Famous Monsters of Filmland - A New Topseller For The Average 1950s Kid

A magazine just for monsters? Nowadays this hardly comes as a surprise. Yet, in the late 1950s, James Warren's Famous Monsters of Filmland hit the US newsstands like a bomb. Join us looking back at the origins of a cult genre magazine and the golden age of early horror film. To create and...


In Times of Trouble - Read Some Horror: Sixties Magazines by Warren Publishing

Few publishers influenced the 1960s horror comics genre quite like James Warren. For almost 25 years, he published all things horror, fantasy, and scifi - smartly utilising the magazine format to avoid censorship imposed on US comic books by the Comics Code Autority. Even today Creepy, Vam...


Review: H.P. Lovecraft - From Beyond and other Stories

Dutch illustrator Erik Kriek has created an ornamental and heavily inked fifties horror comics vision of five Lovecraft stories in his most recent comic book „Vom Jenseits und andere Erzählungen“ („From Beyond and Other Stories“), published November 2013 by Berlin based avant-verlag. Work...


John Warren's Backdoor Into The Little Shop of Horrors

In the late 1960s the US comic book industry was confronted with a huge dilemma: All comic books sold at public newsstands had to undergo censorship and needed the approval of the Comic's Code on their cover. During these times, magazines represented the big exception from the rule - and b...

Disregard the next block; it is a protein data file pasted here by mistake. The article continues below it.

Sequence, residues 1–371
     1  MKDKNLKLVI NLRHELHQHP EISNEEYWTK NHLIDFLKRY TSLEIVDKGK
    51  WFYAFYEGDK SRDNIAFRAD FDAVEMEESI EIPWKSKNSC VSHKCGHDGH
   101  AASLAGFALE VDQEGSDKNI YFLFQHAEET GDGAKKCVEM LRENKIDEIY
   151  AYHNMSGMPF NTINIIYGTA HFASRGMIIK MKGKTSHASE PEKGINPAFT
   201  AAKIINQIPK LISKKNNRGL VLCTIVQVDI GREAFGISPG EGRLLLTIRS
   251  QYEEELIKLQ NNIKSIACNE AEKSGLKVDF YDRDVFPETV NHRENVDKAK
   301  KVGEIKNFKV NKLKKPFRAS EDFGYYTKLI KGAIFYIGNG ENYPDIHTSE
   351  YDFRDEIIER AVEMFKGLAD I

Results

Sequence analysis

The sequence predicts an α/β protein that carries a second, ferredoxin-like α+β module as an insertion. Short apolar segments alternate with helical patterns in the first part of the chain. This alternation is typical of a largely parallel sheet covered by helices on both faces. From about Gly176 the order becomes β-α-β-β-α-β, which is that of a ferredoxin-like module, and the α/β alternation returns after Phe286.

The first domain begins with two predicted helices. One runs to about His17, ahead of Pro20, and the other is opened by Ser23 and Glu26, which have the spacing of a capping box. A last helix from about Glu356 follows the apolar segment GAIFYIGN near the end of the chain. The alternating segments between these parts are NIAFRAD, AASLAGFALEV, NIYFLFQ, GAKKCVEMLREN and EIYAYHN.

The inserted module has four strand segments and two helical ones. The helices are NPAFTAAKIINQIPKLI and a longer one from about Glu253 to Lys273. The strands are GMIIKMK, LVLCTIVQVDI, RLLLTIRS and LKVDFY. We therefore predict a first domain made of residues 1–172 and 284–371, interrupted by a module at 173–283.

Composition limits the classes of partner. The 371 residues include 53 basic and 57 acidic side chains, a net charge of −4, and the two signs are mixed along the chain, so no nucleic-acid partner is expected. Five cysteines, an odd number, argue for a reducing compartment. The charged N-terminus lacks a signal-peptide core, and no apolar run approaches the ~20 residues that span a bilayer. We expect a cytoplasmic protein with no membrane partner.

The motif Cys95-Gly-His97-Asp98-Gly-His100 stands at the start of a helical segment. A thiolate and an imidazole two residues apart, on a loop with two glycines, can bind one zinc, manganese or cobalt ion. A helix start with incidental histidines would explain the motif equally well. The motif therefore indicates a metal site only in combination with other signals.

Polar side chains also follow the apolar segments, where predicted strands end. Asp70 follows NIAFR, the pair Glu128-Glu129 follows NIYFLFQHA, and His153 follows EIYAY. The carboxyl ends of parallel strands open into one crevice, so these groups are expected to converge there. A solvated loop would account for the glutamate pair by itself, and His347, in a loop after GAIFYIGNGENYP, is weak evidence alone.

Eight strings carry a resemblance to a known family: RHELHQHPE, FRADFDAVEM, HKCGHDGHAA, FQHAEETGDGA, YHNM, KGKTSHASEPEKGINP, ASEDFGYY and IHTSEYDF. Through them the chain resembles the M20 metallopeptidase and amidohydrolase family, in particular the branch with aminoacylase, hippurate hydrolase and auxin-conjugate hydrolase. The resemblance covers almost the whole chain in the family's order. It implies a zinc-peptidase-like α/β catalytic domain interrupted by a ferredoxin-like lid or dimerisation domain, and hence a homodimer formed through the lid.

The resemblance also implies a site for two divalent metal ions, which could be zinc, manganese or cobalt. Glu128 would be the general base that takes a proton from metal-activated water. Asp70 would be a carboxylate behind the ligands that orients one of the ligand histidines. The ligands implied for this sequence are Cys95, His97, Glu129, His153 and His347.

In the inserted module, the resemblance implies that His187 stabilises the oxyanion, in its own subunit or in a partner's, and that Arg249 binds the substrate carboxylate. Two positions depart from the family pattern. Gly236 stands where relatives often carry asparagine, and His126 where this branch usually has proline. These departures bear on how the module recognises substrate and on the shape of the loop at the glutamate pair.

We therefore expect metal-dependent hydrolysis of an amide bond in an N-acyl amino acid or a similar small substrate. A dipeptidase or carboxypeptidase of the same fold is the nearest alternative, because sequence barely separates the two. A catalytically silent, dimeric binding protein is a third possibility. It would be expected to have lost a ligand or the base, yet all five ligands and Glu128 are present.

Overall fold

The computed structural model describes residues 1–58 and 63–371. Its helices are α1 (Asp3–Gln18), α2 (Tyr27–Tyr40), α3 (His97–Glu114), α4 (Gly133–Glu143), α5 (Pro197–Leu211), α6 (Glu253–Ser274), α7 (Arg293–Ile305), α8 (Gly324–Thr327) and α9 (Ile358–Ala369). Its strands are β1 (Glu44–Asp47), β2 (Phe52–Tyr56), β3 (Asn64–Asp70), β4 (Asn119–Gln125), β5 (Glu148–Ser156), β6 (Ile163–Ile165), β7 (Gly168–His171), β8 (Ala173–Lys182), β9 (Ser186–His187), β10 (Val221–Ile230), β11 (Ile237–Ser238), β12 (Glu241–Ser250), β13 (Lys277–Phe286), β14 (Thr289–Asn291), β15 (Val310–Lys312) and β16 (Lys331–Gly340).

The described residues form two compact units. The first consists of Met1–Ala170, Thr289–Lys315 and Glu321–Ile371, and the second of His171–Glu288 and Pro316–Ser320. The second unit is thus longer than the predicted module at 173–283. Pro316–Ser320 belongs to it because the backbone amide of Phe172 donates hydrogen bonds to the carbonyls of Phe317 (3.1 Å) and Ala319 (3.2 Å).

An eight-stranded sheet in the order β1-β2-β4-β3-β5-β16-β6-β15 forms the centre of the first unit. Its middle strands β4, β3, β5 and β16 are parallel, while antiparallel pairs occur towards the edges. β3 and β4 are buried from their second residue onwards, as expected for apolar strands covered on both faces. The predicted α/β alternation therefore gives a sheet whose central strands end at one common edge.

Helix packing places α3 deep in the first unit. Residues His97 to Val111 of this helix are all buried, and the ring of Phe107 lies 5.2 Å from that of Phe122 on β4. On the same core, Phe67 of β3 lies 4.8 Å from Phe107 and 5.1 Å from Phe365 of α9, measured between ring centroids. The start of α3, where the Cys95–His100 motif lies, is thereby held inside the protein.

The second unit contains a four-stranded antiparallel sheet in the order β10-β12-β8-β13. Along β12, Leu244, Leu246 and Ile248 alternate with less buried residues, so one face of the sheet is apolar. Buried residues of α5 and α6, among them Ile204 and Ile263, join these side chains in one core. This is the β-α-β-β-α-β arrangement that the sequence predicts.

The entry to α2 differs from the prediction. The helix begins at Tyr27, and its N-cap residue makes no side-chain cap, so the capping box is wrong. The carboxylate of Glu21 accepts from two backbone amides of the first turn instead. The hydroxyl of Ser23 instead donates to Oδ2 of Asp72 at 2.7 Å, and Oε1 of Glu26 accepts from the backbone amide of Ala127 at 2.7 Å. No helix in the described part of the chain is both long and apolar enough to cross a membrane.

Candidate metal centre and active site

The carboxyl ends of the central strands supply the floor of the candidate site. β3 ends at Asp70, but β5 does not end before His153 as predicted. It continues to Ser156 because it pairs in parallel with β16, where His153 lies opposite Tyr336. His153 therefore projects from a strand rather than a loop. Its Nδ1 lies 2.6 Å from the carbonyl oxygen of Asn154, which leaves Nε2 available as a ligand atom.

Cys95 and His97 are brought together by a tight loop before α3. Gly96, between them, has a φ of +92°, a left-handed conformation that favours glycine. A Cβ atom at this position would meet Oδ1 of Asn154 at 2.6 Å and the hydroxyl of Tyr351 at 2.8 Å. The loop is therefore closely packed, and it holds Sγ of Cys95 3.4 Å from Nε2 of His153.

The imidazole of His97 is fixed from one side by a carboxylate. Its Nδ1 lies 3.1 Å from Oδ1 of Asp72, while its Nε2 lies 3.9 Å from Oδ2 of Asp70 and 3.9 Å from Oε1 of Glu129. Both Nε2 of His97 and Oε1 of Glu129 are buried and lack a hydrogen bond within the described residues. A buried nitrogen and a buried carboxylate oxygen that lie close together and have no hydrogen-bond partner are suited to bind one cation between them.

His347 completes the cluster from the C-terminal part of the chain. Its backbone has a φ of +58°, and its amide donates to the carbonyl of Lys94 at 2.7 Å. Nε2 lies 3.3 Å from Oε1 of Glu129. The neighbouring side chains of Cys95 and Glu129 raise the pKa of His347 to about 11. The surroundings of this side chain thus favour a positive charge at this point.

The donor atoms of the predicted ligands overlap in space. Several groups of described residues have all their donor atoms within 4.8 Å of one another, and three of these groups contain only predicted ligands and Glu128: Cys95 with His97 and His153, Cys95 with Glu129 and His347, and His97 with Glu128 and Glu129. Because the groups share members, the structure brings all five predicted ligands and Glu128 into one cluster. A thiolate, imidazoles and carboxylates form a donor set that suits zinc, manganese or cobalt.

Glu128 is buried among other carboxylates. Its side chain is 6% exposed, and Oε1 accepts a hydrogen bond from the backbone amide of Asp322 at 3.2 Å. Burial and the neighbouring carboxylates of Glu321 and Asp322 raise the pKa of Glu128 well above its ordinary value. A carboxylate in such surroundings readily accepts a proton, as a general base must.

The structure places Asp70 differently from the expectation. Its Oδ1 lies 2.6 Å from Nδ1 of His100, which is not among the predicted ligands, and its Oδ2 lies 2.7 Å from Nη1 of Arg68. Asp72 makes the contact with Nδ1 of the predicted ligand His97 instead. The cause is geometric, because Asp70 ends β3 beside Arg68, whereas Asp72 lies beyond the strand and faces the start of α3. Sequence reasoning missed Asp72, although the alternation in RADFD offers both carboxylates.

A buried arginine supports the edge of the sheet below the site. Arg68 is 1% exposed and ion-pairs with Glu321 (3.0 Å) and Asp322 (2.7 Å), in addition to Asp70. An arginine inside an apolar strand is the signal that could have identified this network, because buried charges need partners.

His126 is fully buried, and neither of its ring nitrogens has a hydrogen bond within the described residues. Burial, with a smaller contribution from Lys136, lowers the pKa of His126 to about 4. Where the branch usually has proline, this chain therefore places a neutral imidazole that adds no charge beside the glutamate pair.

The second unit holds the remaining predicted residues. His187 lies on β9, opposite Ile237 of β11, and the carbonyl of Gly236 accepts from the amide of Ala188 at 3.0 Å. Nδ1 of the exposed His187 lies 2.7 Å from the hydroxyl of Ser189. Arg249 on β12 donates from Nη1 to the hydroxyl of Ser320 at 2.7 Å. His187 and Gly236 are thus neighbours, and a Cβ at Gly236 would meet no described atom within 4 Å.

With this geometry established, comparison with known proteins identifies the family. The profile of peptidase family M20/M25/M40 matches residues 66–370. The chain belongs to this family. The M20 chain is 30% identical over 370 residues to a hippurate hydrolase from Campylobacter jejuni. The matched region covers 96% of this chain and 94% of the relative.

I'm dead! I'm back! I'm dead! Tomb of Dracula

Bram Stoker's Darcula is everywhere. Not many fantastic creatures have let a similar  impression on their contemporary audience, quite like the light-skinned transsylvanian count has. Since his immigration to Central Europe in 1897, he has never stopped creeping about in our livingrooms. H...


Creepy Kitty meets the Red Death – Edgar Allan Poe

Edgar Allan Poe's work is considered a most important part of American literature. Born as "Edgar Poe" on January 19, 1809 he is best known for his tales of mystery and the macabre and generally considered "the inventor of the short story". Quite a few ladies were said to have fainted afte...


Creating a new literary genre: Mary Shelley

Today, she is known as the world's first science fiction author: Mary Wollstonecraft Shelley started writing her first novel "Frankenstein" at age 18. When the book was first published - anonymously - in 1818, she was 21. The first actual publication to bear her name came out in France fi...


Bernie Wrightson's Frankenstein – "It's Alive!"

Some classics never die and "Frankenstein's Monster" is definitely one of them. So, could anyone imagine a comic book artist better suited to take on Mary Shelly's creation than Bernie Wrightson? Probably not. Bernard Albert "Berni(e)" Wrightson was born October 27, 1948 in Dundalk, Maryl...


A classic of film history

Friedrich Wilhelm Murnau’s 1922 film "Nosferatu – A Symphony of Horror" spreaded the name of "Nosferatu" throughout the world. Inspired by Bram Stoker’s "Dracula" he used actor Max Schreck to create the image of a creature that will stick to our brains come eternity. Even Klaus Kinski – th...